Must try recipe. Super simple. Sunchoke chips.
I was making sunchoke chips to go with pumpkin soup (other accompaniments were fresh raw watercress, plus sage and spinach leaves (for the soup) roasted with the chicken sausage on the side). My original idea was to fry the sunchokes and sage. I always end up burning the sage, however, so was ambivalent. It seemed this would be a great thing to do to try out my new air-fry oven (I put it in my cart on Prime Day and while I was considering it, they lowered the price by 1/6th. I think I'm going to like it). But what to do? I found this recipe online. My device works differently, but close enough.
The first sample tray was amazing. The next couple real trays come out fine, but I realized the chips were a little limp because I forgot the oil. Then I was getting tired and worried about time, so I did a couple of batches in the rotisserie spit basket. It looks like a bingo hopper. That worked well, but I overloaded it a bit and some of the chips stuck together and didn't crisp. Those were spread on a quarter sheet pan and crisped for a minute or two in the oven after I took out the sausage.
Conclusion: The air-fryer works even without oil (though a little oil is better), and a sheet pan in the oven works just as well. ;) The small accessories mean you can't make as much at a time as in a big oven, but you also don't need all the heating time, and lugging around big trays. It's very convenient. :) But the sunchoke chips are AWESOME!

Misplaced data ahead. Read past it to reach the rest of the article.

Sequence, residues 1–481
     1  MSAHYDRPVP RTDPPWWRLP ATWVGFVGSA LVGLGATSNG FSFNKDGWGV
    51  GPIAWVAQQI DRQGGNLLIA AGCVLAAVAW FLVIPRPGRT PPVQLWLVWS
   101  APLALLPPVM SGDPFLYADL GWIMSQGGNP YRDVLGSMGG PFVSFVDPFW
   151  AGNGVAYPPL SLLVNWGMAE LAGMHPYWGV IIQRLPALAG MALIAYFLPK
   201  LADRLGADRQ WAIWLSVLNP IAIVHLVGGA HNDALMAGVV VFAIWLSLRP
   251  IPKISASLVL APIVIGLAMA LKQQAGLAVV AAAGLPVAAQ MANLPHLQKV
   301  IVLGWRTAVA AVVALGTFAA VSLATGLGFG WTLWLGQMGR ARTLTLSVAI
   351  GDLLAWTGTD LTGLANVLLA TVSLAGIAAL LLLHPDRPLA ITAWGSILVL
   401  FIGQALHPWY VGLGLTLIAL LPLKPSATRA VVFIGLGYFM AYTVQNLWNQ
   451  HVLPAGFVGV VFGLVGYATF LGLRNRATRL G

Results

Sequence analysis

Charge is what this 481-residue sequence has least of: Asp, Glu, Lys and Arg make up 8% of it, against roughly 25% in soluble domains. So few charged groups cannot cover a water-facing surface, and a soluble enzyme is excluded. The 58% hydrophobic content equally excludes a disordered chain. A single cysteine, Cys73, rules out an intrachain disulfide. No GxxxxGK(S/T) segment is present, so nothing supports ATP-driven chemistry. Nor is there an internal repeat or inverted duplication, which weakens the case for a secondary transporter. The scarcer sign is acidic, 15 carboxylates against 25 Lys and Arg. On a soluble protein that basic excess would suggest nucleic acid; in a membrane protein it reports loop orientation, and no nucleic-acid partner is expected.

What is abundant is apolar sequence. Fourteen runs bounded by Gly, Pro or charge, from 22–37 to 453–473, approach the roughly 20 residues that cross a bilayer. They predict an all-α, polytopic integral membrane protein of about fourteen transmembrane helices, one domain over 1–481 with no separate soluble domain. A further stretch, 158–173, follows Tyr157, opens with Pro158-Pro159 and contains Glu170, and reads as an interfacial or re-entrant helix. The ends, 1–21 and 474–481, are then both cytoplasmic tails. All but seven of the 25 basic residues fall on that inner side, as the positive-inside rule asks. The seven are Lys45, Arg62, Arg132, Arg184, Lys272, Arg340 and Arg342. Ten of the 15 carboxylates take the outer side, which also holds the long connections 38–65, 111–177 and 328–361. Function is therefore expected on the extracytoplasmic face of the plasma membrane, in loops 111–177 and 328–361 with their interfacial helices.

I used a Kyocera paddle mandoline on 0.5 to make paper thin slices. Soak in apple cider vinegar for 10-15 minutes, toss in light olive oil (higher smoke point). NO SALT! I tried it. It ruined them. YMMV.
Okay, I realized I should give a complete recipe.
Scrub the sunchokes (Jerusalem artichokes) with a vegetable brush, trim broken ends and roots, and slice as thin as possible. Soak in apple cider vinegar for 10-15 minutes. The flavor is as important as the chemistry. Drain and coat lightly with high smoke point oil. Air fry at 400 for 5-15 minutes, depending on your setup. until golden, at least on the edges, and crisp. Darker is better than too pale. Alternately, spread in a single layer on a baking tray and convection bake at 350 F, or maybe 375 F. Try to get some into the dish rather than just scarfing down the lot.